So what are these photonic chips?
Photonic chips are small optical computers made of integrated circuits and that rely on photons (using light beams to generate energy) rather than electrons.
Also known as lightwave technology, photonics is not nearly a new concept. The term “photonics” goes back to 1967 when the French physicist, Pierre Aigrain, coined it to describe the result of harnessing light to emit energy. There are countless applications of the technology today – in IT, healthcare (biophotonics), manufacturing, sensing, lighting, solar power, space technology, and so on.
Dubrovsky and the team want to introduce photonics to Bitcoin mining. Instead of the power-guzzling ASIC miners, they hope that optical computers will use way less energy.
Mining using photonics will mean changing Bitcoin’s mining algorithm. The team hopes to replace Bitcoin’s encryption protocol with one they call HeavyHash. HeavyHash is optimized for photonic computers and will replace the SHA256-based PoW (HashCash.)According to the team, this new algorithm will lower the barrier to entry to Bitcoin mining, democratize Bitcoin, and massively help the world save power.
Beyond these ambitions, oPoW would stabilize the cryptocurrency’s hash rate, so it’s not so vulnerable to price falls. In short, whether Bitcoin’s price declines or not, miners would still make profits.
The Challenges with oPoW
While the oPoW plan sounds ambitious, it has its share of challenges.
The energy-efficiency of photonic chips is not clear cut. Some photonic applications, for instance, optical switches and photonic circuits, use round-about applications to function. These applications increase the energy use of photonic chips. The researchers have not predicted how much energy the chips will save. It’s hard to know what this means for oPoW at this stage, and if it will be a power-saving option after all.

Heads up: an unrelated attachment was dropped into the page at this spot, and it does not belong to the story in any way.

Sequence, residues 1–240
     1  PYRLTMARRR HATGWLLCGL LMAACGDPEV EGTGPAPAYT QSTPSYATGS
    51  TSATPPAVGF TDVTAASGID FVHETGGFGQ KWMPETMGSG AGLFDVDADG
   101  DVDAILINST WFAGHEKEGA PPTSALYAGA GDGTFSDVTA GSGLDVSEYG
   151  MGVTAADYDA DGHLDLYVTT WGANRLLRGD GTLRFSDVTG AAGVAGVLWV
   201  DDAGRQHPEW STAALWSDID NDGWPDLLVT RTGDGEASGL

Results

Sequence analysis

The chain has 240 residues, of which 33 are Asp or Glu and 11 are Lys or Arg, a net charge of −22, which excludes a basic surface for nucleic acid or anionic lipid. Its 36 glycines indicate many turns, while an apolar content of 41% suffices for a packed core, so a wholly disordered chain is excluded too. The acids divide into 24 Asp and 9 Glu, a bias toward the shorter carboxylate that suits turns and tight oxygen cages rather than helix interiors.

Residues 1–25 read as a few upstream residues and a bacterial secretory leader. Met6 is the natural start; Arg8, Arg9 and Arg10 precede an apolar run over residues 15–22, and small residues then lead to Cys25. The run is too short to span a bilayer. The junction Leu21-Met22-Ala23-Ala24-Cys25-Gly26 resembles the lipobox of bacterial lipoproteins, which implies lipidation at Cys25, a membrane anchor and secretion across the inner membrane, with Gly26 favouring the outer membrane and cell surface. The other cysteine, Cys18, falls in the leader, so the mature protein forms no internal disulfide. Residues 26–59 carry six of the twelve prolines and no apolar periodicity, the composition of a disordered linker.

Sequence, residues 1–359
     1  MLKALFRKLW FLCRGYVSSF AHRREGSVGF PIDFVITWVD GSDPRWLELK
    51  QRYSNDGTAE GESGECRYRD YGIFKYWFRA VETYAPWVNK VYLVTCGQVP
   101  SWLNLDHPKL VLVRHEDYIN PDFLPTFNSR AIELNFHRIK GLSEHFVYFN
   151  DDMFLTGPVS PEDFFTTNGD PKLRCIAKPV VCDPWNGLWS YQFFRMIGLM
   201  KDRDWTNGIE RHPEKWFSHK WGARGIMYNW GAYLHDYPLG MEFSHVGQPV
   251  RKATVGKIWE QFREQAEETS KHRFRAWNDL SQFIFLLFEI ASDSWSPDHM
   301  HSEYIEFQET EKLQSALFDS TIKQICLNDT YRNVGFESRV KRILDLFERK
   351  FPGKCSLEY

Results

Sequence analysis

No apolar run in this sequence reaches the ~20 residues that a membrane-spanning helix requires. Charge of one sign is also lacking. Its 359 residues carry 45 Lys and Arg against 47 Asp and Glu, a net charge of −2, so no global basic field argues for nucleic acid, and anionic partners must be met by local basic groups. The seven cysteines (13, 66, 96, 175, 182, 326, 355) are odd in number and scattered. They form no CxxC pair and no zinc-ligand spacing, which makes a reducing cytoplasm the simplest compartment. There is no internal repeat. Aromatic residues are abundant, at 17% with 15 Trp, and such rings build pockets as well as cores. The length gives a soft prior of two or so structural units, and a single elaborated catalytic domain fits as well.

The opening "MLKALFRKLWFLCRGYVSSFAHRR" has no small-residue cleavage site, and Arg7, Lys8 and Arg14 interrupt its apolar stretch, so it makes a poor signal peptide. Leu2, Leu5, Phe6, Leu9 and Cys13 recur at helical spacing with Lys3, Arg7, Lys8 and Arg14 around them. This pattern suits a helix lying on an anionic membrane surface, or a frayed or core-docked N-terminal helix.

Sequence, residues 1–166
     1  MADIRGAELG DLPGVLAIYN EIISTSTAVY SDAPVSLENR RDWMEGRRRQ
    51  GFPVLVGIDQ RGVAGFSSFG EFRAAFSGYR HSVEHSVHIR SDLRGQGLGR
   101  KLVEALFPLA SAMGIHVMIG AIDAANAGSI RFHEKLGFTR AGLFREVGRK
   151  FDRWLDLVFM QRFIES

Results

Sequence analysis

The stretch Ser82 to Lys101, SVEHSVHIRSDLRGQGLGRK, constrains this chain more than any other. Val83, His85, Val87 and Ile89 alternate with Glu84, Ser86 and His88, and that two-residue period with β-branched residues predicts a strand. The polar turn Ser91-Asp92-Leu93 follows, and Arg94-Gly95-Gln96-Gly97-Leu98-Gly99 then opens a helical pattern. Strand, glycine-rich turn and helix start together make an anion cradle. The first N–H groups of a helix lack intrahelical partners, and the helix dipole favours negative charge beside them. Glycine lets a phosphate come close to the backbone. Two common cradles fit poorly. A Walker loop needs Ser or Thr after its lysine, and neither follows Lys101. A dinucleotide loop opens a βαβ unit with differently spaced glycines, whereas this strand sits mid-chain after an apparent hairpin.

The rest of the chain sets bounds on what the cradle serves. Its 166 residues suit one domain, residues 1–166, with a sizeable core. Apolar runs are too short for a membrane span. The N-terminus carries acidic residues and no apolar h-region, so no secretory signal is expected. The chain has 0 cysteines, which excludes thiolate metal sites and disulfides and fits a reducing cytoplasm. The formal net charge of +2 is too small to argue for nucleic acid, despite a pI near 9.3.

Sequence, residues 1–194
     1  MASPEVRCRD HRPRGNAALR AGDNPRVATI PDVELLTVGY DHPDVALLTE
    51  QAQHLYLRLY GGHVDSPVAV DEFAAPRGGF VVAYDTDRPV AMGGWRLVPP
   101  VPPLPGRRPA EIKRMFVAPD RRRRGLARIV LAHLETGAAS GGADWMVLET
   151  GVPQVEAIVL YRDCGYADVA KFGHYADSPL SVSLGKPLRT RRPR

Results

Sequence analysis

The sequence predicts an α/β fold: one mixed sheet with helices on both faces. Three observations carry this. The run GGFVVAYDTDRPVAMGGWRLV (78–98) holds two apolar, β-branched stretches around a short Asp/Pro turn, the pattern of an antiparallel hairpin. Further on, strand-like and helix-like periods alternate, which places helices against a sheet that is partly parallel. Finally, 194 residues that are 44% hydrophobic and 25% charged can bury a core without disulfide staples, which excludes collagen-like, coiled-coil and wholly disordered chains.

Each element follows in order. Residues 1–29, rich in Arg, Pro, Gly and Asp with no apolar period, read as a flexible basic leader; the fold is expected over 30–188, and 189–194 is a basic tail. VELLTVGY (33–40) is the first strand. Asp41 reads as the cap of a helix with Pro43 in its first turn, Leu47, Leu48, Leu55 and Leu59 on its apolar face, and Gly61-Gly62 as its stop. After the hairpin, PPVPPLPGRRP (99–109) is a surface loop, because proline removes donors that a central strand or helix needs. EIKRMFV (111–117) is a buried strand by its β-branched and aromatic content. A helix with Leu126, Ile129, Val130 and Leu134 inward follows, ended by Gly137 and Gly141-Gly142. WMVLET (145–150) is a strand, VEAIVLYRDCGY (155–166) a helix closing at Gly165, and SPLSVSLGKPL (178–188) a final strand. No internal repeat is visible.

The team is also yet to prove how oPoW will address the problem of different regions having different power costs. Hardware costs will rise in the future, not decrease. So finding cheaper sources of energy may be a better solution.
What Would Opow Mean For The Bitcoin Market?
Consider for a moment that oPoW proposes to change the fundamental mining algorithm of Bitcoin. That comes with drastic ramifications, both positive and negative.
If implemented, an oPoW system would, first of all, break China’s control of Bitcoin mining farms. In turn, mining would now be concentrated in technologically advanced countries. Countries that are ahead in photonic technology would benefit the most. As you can see, this would not be the democratization of Bitcoin mining that the researchers imagine.
Drops in Bitcoin’s price would not mean a reduction in hash rate. Whichever way the price goes, miners will continue to enjoy a payday.
There is a lot of chatter about current miners creating some sort of “price floor.” An oPoW implementation would sink this floor further in the event of a bearish market since mining costs would be lower. This would likely influence Bitcoin’s price to gravitate towards the bearish end.
As it stands now, it’s hard to be enthusiastic about oPoW, especially with the many gaps in how it will improve the current system. Sentiments are rife within the Bitcoin community that the technology is likely to only be a temporary fix. The team itself has not specified how much power the chips would save. So while the concept looks good on paper, it’s probably not sufficiently innovative to solve one of Bitcoin’s long-running challenges. It’s up to the team to prove the Bitcoin community wrong on this one.